As with maxilla fractures, these injuries are usually caused by a direct blow. Aside from segmental fractures, which would in most cases be managed in a similar manner to maxillary fractures, the three most common mandibular fractures are body, ramus and condylar fractures. These are illustrated in the image below.
Often, the fracture can be predicted from the nature of the facial blow. For example, a severe blow to the chin point is most likely to result in a fracture at either the point of contact and/or in the condyle area. A blow to the side of the face often results in a fracture at either the point of contact and/or the contralateral condyle or ramus. As these secondary fractures – away from the point of contact – can readily be missed, proper radiographic imaging is imperative.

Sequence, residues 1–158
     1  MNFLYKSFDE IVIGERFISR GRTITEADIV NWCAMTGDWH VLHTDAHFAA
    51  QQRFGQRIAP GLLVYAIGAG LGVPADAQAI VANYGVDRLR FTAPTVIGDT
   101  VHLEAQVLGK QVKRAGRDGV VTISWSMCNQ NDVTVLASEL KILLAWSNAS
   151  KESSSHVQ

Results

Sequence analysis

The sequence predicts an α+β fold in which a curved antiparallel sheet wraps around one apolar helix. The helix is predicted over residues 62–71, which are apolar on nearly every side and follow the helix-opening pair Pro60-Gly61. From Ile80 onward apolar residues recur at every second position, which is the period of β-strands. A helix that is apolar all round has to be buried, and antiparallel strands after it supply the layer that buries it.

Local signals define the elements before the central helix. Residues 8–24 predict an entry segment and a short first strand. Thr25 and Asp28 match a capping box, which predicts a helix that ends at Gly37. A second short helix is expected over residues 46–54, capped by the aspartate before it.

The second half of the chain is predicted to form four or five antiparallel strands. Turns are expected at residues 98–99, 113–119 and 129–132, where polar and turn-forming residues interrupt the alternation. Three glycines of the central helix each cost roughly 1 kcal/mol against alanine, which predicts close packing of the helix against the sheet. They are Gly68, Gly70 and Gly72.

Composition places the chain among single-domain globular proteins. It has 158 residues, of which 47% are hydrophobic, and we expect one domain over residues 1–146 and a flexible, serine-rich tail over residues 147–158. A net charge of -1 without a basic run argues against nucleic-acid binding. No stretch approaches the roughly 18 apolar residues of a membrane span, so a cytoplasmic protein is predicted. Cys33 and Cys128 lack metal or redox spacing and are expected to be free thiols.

A common point of fracture is in the area of any impacted wisdom tooth (third molar). Some studies have cited a two-to-four-times greater incidence of mandibular fracture in athletes with impacted wisdom teeth. 4,5 Athletes in contact sports such as football should consider having impacted wisdom teeth removed during the close season.
The mandible (jawbone) is the largest strongest and lowest bone in the face.
The three most common fracture sites are the body ramus and condyle.
An undisplaced left angle fracture.
An undisplaced fracture on the body of the mandible.
A left sided ramus fracture.
Dr Paul Piccininni
Sport, Cosmetic and Restorative Dentistry